A word in favor of content guides

Somehow, books have maintained their status as one of the few modern entertainment mediums that are not subject to some kind “objective” rating system that advises consumers regarding the content of the book.

I suppose this is fine, but as a result have found myself reading a fair number of books without a clue regarding some of the content in them, and subsequently stopping because I simply wasn’t interested in some of the content.

I would prefer it if I could learn beforehand the nature of the content I will read in a book. This desire is amplified as my children grow older and select their own books. How can we choose books that we will dislike due to content we aren’t interested in if we have no way of knowing what the content is? I don’t know of a way.

For example, these days the movie rating system is not detailed enough to tell me if the content of a movie is something I want to watch. So, before I go to a movie or rent a DVD, I use the IMDB app on the iPad to take a look at the parental guide. I’m interested in seeing what kind of content the movie contains. Not just for my children, but for me. On several occasions, I’ve decided not to watch or rent a particular movie because I’m not interested in some of the content.

I suppose I miss out on some good movies, but I can handle that. I don’t need to see everything that most people would probably deem worth seeing. Content guides have benefited me. I’m aware of friends and family members that use content guides in the same way.

As far as I know, we don’t have the same resource for books. I’d like to suggest that writers take the initiative to provide content guides for their own books as a courtesy to those who would prefer to filter certain types of content.

Note that I did not say “parental guide” but “content guide.” Sure there are types of content that are inappropriate for kids, but there are also types of content I don’t want to experience. It’s that simple.

I imagine some people (both authors and readers) will object to these content guides on various grounds, but I view the guides as a courtesy to readers interested in them. Nobody is going to make anyone read the content guide beforehand.

As an author, I see content guides as beneficial. If someone knows beforehand whether they won’t like some of the content of my book, there’s a better chance that they won’t read (and subsequently rate) a book they won’t like. This will probably lead to higher ratings for books.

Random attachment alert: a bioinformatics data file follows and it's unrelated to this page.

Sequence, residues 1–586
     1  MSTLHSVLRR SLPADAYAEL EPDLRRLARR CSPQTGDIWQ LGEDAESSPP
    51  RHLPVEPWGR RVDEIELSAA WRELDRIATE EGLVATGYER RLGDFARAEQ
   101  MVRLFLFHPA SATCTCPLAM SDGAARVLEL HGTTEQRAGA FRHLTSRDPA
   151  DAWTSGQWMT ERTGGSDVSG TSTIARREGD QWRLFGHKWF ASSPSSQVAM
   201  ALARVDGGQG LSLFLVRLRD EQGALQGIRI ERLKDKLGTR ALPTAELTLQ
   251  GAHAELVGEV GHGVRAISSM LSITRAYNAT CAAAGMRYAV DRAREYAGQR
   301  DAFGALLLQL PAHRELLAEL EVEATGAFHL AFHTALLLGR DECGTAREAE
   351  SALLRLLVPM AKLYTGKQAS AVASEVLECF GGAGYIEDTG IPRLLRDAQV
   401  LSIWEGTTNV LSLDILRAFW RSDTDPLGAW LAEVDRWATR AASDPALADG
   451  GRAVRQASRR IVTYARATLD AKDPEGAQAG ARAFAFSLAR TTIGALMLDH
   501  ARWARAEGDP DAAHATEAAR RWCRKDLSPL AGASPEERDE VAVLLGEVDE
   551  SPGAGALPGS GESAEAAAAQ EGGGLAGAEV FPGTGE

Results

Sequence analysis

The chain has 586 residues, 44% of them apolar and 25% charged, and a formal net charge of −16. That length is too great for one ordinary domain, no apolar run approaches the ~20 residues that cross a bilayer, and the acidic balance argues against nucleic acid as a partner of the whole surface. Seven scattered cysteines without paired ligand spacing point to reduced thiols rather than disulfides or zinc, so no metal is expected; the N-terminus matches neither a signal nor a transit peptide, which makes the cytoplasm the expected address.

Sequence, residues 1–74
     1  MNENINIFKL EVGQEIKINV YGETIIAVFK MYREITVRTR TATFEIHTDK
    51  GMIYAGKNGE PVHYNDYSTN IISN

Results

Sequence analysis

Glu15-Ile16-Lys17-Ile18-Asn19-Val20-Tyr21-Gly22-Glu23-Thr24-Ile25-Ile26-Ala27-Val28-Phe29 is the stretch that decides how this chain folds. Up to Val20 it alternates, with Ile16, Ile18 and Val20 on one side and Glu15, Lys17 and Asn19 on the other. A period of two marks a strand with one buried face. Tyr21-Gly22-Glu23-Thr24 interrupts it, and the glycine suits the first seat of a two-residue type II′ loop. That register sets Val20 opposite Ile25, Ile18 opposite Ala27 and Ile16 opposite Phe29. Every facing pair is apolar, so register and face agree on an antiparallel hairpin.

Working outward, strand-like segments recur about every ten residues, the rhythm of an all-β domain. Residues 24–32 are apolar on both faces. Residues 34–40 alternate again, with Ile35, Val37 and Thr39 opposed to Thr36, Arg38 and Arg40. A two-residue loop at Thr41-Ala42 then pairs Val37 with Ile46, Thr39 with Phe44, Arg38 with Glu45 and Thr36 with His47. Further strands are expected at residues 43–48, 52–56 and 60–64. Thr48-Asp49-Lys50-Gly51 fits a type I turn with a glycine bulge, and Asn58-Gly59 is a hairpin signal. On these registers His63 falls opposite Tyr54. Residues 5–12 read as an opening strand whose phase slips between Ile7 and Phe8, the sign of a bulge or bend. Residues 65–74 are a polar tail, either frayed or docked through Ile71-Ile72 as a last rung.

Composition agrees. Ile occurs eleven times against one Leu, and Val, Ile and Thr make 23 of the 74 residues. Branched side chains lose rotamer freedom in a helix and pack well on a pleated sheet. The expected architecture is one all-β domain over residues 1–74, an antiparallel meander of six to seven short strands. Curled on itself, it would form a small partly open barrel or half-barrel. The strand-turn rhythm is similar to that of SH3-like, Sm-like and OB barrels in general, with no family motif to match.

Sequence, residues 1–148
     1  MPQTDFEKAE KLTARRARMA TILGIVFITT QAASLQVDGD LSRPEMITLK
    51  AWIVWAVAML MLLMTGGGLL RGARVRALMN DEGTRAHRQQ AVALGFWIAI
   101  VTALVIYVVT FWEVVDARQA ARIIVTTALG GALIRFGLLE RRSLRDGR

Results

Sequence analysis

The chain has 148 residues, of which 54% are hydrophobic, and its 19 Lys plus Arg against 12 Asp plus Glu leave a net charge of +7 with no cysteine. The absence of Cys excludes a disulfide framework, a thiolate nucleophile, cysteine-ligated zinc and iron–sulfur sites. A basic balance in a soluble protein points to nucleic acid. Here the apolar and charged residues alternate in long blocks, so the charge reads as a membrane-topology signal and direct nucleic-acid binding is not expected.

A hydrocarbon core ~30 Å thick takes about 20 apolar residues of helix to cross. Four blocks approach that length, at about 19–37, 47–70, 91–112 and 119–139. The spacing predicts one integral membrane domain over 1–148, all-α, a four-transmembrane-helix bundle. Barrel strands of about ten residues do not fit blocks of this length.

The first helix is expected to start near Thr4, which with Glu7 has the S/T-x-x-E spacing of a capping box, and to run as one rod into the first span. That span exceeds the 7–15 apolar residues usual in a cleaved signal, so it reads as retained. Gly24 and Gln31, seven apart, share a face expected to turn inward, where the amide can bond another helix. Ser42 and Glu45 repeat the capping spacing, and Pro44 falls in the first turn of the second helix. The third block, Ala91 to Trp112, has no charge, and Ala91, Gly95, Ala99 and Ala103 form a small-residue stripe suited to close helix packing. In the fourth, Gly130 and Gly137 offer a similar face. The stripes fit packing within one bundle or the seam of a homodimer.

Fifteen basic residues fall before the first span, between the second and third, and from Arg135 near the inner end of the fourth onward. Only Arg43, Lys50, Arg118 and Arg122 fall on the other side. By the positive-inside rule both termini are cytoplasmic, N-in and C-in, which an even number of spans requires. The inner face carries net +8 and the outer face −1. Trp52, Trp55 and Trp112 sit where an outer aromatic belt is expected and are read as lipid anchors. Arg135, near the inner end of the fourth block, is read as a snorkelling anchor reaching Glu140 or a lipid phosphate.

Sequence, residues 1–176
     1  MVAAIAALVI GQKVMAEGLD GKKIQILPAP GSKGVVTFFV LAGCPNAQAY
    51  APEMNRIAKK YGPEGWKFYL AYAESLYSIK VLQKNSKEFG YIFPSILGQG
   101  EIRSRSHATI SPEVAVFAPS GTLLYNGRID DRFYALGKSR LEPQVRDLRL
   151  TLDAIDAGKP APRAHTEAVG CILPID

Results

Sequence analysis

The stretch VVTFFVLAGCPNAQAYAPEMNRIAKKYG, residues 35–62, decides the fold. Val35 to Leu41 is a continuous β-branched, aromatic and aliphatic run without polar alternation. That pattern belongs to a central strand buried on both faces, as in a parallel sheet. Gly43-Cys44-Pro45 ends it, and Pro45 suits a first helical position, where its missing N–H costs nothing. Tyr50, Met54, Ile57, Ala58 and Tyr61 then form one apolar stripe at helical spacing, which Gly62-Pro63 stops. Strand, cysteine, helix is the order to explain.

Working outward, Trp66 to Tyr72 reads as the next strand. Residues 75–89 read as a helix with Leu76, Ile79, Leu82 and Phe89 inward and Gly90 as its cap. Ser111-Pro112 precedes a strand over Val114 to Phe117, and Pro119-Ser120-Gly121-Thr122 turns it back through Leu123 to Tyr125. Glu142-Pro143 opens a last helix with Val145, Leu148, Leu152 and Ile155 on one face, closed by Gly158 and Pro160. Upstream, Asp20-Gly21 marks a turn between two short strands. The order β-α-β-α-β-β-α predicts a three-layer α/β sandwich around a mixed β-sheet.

So, from here on out, I’ll be providing content guides for my books, and will be looking for them before I read other books. Will it stop me from reading a book if I don’t find one? Probably not, but I’ll probably review a book poorly if I find content in there that I don’t like. After all, I didn’t like it, and that’s what a personal review represents.


3 thoughts on “A word in favor of content guides

  1. I completely agree with you and have for some time intended to do the same with any of my future publications. I will probably follow much the same format as presented on http://www.screenit.com for movies, as it has a general brief synopsis at the top with various categories (sex, nudity, violence, profanity, intense situations, etc) labeled with a greater range (mild, moderate, heavy, extreme) as well as further detailed description of exactly what happens, why or how it was used n the story further below. I would be interested to know if you think the format presented there covers all the categories you would be concerned with, and if not, which others you might include, or I’ll just look in your future books to form a wider consensus.

    I know there are some book websites out there that are attempting to try and provide varying forms of content guides among books. Most of their problems is they either have a limited selection, or don’t include what I feel might be enough categories (I think clean books or good books or something like that is one I ran across. I’ll have to double check). I have also seen several blogs dedicated to the matter, one called LDSreads I think, but again, selection is limited. I have used Wikipeida several times to screen books, but again the same problems as before.

    But of course, screening media will all be so much simpler if every film and media producer voluntarily did it in all the titles and put such content guides into the book, or right on the product description page online, etc.

    I hadn’t thought of us IMDB to screen movies. I’ll have to try that one out as well.

  2. Nate, thanks for the comments. I do think the only way this can happen for books is if content creators do it themselves. There are just too many books out there for one place to handle them all. Unless, that is, Goodreads or a similar service allows something like this.

    I wasn’t able to get into Screen It. I had to create an account, and probably am not going to use the service. But from what you described, it sounds pretty much like what is on IMDB.

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